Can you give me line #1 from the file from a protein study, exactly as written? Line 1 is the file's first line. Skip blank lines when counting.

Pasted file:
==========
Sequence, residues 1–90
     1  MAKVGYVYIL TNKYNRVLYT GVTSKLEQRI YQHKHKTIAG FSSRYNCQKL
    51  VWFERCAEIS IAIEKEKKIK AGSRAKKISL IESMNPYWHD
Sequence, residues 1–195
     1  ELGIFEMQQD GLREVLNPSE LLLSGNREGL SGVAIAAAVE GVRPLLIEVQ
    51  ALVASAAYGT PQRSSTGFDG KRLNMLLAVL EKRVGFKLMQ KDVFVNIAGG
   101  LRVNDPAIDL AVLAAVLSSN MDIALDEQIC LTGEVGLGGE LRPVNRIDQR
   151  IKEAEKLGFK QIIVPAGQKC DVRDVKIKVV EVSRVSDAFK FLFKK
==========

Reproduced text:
Sequence, residues 1–90